– Douglas Stone, Bruce Patton, Sheila Heen, and Roger Fisher (forward), 2010
The 10th-anniversary edition of the New York Times business bestseller-now updated with “Answers to Ten Questions People Ask”
We attempt or avoid difficult conversations every day-whether dealing with an underperforming employee, disagreeing with a spouse, or negotiating with a client. From the Harvard Negotiation Project, the organization that brought you Getting to Yes, Difficult Conversations provides a step-by-step approach to having those tough conversations with less stress and more success. you’ll learn how to:
· Decipher the underlying structure of every difficult conversation
· Start a conversation without defensiveness
· Listen for the meaning of what is not said
· Stay balanced in the face of attacks and accusations
· Move from emotion to productive problem solving
Communication the Cleveland Clinic Way: How to Drive a Relationship-Centered Strategy for Exceptional Patient Experience
Adrienne Boissy, Timothy Gilligan, 2016
Put relationship-centered communication at the forefront of care
Today, physicians face a hypercompetitive marketplace in which they must meet unique and complex patient needs as efficiently as possible. But in a culture prioritizing clinical outcomes above all, there can be a tendency to lose sight of one of the most critical aspects of providing effective care: the communication skills that build and foster physician-patient relationships.
Studies have shown that good communication between doctors and patients and among all caregivers who interface with patients directly results in better clinical outcomes, reduced costs, greater patient satisfaction, and lower rates of physician burnout.
In Communication the Cleveland Clinic Way, Dr. Adrienne Boissy and her team tell the story of how Cleveland Clinic created and applied the R.E.D.E. to Communicate: Foundations of Healthcare program, making the world-renowned hospital system a leader in relationship-centered care. They provide a step-by-step guide for healthcare leaders and decision-makers to design, develop, and implement communication skills training in their own institutions. Learn how to:
-Craft an effective, colleague-supported communication skills program to include veteran physicians, residents, and medical students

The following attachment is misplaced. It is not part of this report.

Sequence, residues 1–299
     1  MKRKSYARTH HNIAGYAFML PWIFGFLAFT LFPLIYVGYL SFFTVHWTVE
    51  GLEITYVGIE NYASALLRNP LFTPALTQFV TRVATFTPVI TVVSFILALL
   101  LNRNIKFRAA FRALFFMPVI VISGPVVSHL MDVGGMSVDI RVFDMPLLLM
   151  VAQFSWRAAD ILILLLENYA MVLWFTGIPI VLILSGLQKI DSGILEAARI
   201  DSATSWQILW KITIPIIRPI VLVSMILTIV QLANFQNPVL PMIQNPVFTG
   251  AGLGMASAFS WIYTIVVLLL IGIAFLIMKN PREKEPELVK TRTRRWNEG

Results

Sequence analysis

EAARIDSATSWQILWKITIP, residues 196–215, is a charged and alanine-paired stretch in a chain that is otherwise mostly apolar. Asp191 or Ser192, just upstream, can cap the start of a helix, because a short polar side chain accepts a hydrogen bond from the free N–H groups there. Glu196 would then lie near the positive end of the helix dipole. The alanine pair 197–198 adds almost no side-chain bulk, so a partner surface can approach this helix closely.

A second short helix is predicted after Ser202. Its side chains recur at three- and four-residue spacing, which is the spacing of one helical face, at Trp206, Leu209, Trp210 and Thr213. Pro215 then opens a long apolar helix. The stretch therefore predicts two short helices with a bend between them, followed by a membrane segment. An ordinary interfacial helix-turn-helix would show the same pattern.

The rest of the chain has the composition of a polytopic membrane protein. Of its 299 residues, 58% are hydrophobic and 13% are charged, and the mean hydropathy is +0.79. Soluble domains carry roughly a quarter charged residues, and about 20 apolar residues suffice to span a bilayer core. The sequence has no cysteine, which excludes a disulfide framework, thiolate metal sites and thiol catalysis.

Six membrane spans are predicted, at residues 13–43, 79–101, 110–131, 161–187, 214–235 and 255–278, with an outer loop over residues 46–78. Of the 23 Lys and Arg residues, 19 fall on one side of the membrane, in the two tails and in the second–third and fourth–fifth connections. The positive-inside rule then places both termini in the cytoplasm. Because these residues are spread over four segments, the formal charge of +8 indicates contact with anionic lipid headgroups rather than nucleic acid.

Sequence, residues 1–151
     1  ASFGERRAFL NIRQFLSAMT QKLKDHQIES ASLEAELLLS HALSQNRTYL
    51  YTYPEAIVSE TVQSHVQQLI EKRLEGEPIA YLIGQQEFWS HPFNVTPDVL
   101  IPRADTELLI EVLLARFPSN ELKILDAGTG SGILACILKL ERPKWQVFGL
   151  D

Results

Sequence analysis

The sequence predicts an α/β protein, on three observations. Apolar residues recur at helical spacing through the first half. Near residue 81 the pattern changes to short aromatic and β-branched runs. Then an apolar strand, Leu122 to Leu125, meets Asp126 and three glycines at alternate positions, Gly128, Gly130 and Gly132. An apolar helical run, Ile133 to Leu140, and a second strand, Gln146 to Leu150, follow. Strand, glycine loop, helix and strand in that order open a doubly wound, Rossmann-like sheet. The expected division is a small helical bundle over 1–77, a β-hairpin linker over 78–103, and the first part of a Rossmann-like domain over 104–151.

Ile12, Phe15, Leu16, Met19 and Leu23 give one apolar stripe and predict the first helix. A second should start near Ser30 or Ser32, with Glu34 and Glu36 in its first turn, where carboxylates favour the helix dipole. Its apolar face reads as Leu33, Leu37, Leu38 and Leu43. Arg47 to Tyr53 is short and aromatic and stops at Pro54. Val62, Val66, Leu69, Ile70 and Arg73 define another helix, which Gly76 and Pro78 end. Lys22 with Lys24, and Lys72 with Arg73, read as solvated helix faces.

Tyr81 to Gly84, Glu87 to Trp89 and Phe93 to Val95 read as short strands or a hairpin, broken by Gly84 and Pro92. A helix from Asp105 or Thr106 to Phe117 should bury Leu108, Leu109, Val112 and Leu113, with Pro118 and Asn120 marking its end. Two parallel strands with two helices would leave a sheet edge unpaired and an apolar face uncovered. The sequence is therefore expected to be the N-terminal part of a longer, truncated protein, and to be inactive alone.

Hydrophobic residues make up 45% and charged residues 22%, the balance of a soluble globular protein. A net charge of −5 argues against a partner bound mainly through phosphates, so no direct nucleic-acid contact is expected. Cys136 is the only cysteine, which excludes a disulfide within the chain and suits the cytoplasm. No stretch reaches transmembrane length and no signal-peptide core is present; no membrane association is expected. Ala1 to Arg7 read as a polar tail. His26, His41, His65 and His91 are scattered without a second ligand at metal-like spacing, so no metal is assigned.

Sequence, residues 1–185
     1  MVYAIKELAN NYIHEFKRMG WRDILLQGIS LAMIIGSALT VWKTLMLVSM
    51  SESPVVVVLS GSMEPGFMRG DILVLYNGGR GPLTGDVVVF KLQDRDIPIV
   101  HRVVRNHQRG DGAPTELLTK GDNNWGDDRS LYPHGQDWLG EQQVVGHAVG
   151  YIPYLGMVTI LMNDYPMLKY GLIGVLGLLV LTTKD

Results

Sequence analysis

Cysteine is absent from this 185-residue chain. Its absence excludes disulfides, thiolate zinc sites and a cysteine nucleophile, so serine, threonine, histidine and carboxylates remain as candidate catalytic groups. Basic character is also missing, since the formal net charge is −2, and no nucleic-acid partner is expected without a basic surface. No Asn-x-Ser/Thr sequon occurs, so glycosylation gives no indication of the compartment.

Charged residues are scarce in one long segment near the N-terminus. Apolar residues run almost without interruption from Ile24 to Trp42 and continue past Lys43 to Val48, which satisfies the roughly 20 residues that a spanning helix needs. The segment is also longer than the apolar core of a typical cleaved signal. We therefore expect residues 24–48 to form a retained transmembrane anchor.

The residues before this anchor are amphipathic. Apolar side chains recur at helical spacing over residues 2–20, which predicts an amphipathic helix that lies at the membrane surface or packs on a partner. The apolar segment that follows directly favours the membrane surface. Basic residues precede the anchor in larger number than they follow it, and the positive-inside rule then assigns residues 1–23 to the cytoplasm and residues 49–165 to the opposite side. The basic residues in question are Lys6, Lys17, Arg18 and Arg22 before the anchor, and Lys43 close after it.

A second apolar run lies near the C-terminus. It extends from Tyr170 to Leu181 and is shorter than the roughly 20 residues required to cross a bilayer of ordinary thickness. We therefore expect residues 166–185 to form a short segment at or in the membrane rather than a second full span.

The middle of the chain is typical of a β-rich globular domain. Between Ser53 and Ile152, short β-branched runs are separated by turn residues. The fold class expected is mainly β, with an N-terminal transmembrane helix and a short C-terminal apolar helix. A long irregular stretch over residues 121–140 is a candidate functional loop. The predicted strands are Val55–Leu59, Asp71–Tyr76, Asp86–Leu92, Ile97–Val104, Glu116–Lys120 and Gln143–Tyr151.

-Leverage creative program design and data transparency to engage and facilitate staff physicians and advanced care providers
-Identify common misperceptions and myths in healthcare communication and respond to them successfully
-Cultivate a true sense of empathy―with patients and fellow caregivers alike―while maintaining professionalism
In a field where difficult conversations and stressful relationships are commonplace, clinicians need a structured approach to enable them to deliver the best care possible. Communication the Cleveland Clinic Way is the blueprint for establishing a relationship-centered program that will improve patient experience, reinvigorate doctors’ passion for their work, and elevate any organization.
–Anthony Back, Robert Arnold, James Tulsky, 2009
Physicians who care for patients with life-threatening illnesses face daunting communication challenges. Patients and family members can react to difficult news with sadness, distress, anger, or denial. This book defines the specific communication tasks involved in talking with patients with life-threatening illnesses and their families. Topics include delivering bad news, transition to palliative care, discussing goals of advance-care planning and do-not-resuscitate orders, existential and spiritual issues, family conferences, medical futility, and other conflicts at the end of life. Drs. Anthony Back, Robert Arnold, and James Tulsky bring together empirical research as well as their own experience to provide a roadmap through difficult conversations about life-threatening issues. The book offers both a theoretical framework and practical conversational tools that the practicing physician and clinician can use to improve communication skills, increase satisfaction, and protect themselves from burnout.
– Elaine Wittenberg-Lyles, Joy Goldsmith, Betty Ferrell, Sandra L. Ragan, 2012